COLUMBIA – Gene Austin likes to ask youth pastors to take a guess at how many hours on average they’ve invested in a graduating high school senior.
Austin, director of collegiate ministry for the Missouri Baptist Convention, says that from the time they enter the youth program until they graduate high school, the answers started at 500 hours on the low end and only go up from there.
“Now think of that investment and think of spending just one more hour to make sure they’re aware of and can make some sort of initial contact with a missionary on whatever campus they’re going to,” he said.
“Don’t let all those hours you’ve invested in a young man or woman’s life go sideways.”
Austin said it’s as easy as calling up one of the Missouri Baptist missionaries present on 23 campuses across the state, or just filling out an online form at http://mbcollegiate.org/graduates to help that missionary make a connection with the student early on. This can help bridge the gap between high school and full adulthood when so many students fall away. (Of course, parents and the students themselves can also fill out the contact form.)
One study by Campus Renewal found that roughly 70 percent of Christian students going off to college end up leaving their faith during their first year on campus.
Sometimes it is a conscious decision to move away from the structure and influence of parents, but it is often an unintentional drift or slow fade away.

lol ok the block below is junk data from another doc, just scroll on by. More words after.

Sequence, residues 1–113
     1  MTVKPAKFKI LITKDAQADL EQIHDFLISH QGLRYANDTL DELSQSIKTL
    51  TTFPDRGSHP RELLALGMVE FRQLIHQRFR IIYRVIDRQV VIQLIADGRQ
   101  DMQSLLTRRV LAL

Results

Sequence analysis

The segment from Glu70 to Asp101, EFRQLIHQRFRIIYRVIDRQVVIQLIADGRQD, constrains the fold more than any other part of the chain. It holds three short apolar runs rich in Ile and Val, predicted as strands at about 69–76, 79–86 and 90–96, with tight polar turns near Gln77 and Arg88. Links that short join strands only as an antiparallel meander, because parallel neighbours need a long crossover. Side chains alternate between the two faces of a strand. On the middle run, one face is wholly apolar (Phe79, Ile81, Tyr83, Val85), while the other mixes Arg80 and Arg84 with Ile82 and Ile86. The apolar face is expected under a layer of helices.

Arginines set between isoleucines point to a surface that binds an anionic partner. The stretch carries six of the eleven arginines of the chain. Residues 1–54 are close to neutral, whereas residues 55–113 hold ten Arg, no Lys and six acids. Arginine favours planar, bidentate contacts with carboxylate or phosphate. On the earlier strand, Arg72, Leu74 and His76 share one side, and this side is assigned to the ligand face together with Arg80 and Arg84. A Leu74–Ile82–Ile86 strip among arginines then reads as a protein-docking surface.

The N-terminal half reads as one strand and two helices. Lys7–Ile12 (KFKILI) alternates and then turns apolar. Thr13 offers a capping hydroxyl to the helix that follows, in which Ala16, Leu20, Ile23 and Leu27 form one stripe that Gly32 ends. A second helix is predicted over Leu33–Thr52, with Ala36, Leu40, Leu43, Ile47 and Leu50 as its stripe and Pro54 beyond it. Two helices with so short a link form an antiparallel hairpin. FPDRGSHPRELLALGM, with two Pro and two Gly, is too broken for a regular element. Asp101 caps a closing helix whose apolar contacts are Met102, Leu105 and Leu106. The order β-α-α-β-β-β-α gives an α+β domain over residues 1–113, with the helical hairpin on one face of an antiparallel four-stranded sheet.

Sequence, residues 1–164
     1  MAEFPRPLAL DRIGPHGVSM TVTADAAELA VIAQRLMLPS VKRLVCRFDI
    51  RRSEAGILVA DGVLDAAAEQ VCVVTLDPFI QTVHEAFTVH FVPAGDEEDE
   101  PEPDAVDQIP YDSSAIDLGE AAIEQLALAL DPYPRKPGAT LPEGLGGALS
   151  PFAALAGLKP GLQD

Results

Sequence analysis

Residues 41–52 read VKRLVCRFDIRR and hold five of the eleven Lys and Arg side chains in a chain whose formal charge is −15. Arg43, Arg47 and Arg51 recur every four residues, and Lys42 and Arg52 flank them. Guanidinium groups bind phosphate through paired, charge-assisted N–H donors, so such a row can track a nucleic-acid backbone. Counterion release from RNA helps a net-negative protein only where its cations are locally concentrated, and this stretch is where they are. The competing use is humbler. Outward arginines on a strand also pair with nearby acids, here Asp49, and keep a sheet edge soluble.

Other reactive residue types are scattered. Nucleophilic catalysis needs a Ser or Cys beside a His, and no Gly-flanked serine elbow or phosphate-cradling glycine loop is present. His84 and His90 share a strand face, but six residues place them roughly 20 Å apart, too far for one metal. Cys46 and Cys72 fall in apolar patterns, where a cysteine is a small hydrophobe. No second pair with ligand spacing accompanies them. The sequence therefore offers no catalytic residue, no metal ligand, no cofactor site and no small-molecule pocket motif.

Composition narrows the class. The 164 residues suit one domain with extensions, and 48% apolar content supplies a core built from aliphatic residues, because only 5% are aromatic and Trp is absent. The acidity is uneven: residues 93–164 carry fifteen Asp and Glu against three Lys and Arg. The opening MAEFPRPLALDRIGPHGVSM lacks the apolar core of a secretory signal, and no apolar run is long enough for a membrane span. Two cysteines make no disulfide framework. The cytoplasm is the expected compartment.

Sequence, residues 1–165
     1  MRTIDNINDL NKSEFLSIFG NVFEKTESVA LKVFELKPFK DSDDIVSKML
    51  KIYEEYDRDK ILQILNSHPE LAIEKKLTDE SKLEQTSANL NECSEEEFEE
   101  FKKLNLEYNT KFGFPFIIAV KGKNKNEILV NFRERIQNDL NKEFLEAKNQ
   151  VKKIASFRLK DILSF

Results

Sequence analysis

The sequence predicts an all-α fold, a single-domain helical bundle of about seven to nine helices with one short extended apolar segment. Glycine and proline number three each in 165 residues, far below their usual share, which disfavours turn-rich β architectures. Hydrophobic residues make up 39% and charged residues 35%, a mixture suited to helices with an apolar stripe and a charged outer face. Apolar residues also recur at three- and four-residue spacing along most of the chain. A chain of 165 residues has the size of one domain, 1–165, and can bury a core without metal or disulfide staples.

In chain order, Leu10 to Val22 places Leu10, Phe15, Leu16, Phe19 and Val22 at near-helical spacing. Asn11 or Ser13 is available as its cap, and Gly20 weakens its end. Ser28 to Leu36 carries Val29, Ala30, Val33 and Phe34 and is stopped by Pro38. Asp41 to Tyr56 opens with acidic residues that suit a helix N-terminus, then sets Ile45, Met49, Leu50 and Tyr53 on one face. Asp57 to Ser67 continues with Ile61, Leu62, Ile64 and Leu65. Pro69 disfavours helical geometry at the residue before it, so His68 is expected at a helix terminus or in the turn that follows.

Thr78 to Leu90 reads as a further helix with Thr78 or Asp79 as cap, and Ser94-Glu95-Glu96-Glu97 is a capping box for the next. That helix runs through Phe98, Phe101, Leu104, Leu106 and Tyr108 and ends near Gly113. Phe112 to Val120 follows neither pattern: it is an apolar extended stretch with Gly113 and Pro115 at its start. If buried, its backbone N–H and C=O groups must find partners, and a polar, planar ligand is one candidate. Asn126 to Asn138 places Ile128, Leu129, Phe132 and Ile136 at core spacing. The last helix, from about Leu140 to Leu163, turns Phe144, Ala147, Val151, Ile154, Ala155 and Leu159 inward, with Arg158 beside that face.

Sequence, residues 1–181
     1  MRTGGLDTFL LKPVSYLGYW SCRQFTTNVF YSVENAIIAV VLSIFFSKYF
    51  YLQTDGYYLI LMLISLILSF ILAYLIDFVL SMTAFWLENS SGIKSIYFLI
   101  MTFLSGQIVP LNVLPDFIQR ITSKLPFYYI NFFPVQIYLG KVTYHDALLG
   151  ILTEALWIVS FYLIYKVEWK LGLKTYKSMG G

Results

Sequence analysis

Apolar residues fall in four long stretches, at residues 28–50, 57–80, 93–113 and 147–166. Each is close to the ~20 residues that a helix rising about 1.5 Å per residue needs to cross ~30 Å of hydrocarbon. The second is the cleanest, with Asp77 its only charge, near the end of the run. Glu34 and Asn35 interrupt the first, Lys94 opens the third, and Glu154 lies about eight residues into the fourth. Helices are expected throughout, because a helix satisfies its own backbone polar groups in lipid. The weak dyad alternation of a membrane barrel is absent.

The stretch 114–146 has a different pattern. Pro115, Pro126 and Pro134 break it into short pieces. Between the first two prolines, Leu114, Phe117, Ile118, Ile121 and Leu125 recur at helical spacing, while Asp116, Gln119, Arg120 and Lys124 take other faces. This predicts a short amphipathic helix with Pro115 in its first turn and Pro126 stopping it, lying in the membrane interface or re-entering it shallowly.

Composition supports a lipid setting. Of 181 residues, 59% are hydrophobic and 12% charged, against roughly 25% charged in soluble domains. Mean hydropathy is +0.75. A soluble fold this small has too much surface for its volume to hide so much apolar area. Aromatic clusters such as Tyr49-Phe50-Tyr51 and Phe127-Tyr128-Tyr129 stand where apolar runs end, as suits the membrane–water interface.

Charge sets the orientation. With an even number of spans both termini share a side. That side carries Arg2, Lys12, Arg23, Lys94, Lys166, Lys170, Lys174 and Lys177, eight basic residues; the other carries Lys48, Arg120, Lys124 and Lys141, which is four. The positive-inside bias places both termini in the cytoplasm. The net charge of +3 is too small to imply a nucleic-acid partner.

Austin said that drift is largely avoidable, thanks to the network that exists among Missouri Baptist churches.
“There are a lot of great ministries out there, but they don’t have the one thing we have,” he said, “and that is a great farm system through the local church.”
Travis Hamm, a campus missionary at the University of Missouri – Kansas City, said his own experience shows the importance of making that connection early.
“When I graduated high school back in 2003, I was encouraged by my youth pastor to find that Baptist ministry at Northwest Missouri State,” he said. “Having that conversation early on helped give me that sense of community when I first set foot on campus. That’s what freshmen are looking for. If we can get that established early on, it can help them stay connected.”
Hamm said he agreed that Missouri Baptists have ready-made solutions to bridge that post-high school transition.
“Our network is ready to connect youth pastors with campus ministers,” he said. “We want to link arms and partner with churches, even as juniors and seniors are thinking about what schools they want to go to.”